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Ravenous

movie reviewmovie review out of 4

All-Reviews.com Movie Review: Ravenous

Starring: Guy Pearce, Robert Carlyle
Director: Antonia Bird
Rated: R
RunTime: 100 Minutes
Release Date: March 1999
Genres: Comedy, Horror, Suspense


*Also starring: Jeffrey Jones, Jeremy Davies, David Arquette, Stephen Spinella, John Spencer, Neal McDonough



Review by Harvey Karten
No Rating Supplied

"Ravenous" tries to be both a hoot and a horror but despite some breathtaking photography succeeds in being neither. The targeted audience is probably teen-aged males who probably would not have the title word in their vocabularies. To get an idea of its driving force, pretend you are in poor health: you have fierce headaches, your skin is always pale, five cavities are diagnosed during your last dental visit, and you're afflicted with borderline tuberculosis. Then a pharmaceutical company discovers a cure but there's a heavy price, more than you can easily afford. Would you buy the prescription drug? Of course you would. You would pay any price. Now make believe that the drug does not exist but health practitioners discovered that eating the flesh of dead human beings could shape you up. Could you go for it? Sounds disgusting, but probably, yes. Push the envelope a notch or two further. You have to kill other human beings because the flesh must be fresh. No? Probably not. But don't put this solution past some people, particularly those with addictive personalities, for whom the sense of elation will cause them to turn their backs on the usual moral standards. In that respect, "Ravenous," an unusual piece of storytelling, could be taken as an allegory about heavy drug users who would steal, prostitute themselves, even kill to get their hands on that nostrum without which live seems not worth living. The theme is a powerful one which, given the right treatment on the big screen could mesmerize an audience. But "Ravenous," whose strangest notion is that it is directed by a woman whose previous movie "Safe" offers little indication of this current output, is oddly devoid of suspense. Antonia Bird, whose movie features only a single female, goes for the gore instead.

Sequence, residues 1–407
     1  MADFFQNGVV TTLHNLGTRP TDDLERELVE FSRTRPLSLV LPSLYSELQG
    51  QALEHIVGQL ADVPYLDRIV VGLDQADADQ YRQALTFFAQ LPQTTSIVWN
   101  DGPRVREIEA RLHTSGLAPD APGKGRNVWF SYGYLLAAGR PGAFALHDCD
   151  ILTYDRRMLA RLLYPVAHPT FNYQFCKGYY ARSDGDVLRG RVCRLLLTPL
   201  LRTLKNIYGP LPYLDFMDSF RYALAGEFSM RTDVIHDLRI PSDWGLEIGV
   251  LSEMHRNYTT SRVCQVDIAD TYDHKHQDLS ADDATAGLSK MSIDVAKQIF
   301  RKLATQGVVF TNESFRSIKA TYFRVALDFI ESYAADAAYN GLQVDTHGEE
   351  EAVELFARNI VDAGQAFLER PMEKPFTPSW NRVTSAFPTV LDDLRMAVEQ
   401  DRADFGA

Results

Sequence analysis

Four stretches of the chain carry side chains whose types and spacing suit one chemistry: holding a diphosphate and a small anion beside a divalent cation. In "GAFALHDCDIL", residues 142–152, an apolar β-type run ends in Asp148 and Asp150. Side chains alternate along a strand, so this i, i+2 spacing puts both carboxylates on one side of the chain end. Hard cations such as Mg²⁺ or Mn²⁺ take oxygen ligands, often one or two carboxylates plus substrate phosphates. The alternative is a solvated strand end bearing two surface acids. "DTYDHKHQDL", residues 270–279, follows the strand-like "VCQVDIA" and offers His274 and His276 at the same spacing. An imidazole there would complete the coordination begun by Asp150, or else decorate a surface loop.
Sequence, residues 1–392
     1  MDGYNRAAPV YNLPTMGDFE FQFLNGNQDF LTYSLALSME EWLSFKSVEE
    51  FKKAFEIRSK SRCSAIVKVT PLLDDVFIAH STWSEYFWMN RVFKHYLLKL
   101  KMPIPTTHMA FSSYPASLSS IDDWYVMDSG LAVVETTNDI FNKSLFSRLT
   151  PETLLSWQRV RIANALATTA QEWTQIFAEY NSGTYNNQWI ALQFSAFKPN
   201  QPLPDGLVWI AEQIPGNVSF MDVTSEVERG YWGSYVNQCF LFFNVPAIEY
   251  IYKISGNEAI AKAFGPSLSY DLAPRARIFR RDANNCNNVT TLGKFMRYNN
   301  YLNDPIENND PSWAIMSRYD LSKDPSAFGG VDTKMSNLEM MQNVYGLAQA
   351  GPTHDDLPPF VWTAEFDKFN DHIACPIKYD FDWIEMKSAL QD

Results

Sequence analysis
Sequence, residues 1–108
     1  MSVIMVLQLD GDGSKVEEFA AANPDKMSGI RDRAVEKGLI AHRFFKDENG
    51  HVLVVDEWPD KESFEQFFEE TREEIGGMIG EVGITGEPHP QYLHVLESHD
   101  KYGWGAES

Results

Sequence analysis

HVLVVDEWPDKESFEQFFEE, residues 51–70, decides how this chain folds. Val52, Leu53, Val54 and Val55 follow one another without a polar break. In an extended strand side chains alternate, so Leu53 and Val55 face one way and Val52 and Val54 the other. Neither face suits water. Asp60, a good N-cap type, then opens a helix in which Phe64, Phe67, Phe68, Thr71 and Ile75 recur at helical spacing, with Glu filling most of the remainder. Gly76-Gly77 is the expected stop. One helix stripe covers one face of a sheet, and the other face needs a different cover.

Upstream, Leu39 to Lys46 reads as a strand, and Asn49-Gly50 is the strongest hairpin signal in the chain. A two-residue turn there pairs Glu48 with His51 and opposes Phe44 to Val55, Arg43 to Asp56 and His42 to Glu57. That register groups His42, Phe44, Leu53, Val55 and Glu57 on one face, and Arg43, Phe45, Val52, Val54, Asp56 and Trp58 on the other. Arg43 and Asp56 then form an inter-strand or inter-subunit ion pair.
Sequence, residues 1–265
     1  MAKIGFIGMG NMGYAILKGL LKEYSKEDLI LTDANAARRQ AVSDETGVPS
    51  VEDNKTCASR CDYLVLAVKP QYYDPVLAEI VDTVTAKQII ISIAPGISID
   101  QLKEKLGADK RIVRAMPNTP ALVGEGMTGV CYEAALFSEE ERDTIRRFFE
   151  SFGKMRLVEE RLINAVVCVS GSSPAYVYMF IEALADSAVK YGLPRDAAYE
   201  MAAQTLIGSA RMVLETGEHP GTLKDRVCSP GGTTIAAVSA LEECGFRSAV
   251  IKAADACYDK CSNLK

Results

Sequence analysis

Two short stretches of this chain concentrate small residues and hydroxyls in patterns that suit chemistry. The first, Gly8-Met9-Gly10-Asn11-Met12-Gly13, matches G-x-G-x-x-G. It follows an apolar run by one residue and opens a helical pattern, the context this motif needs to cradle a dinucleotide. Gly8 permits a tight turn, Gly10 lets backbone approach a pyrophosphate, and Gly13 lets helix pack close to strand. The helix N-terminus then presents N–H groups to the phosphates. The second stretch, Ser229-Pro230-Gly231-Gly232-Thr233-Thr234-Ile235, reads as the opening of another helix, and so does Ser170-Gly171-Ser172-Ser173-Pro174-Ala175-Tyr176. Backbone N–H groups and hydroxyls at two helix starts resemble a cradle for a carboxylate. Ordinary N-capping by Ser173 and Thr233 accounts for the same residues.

A twist on the vampire legends, "Ravenous" is the story of men who kill other men and eat their flesh in part to appease their voracious appetites, in part because their diet makes them feel stronger, healthier, better. They are like vampires, who each have the strength of ten men but who are not limited by a need to remain indoors during bright, icy, California days. The tale takes place in the Sierra Nevada mountain area of our most populous state in 1847, at the time of the Mexican War--which added a large and wealthy territory to the U.S. The great Gold Rush would come in a handful of years and Manifest Destiny was America's logo. As the most villainous character in the movie tells us, "This country is stretching out its arms, consuming all it can." Colqhoun is the story's central scoundrel, of Scottish bent, who takes that slogan personally.